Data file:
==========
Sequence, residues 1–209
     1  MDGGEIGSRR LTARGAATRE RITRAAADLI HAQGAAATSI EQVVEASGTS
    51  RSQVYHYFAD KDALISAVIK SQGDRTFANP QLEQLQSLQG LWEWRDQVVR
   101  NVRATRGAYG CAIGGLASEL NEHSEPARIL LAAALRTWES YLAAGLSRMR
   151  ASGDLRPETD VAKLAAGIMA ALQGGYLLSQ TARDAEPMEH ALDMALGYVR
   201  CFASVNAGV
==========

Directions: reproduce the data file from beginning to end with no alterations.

Sequence, residues 1–209
     1  MDGGEIGSRR LTARGAATRE RITRAAADLI HAQGAAATSI EQVVEASGTS
    51  RSQVYHYFAD KDALISAVIK SQGDRTFANP QLEQLQSLQG LWEWRDQVVR
   101  NVRATRGAYG CAIGGLASEL NEHSEPARIL LAAALRTWES YLAAGLSRMR
   151  ASGDLRPETD VAKLAAGIMA ALQGGYLLSQ TARDAEPMEH ALDMALGYVR
   201  CFASVNAGV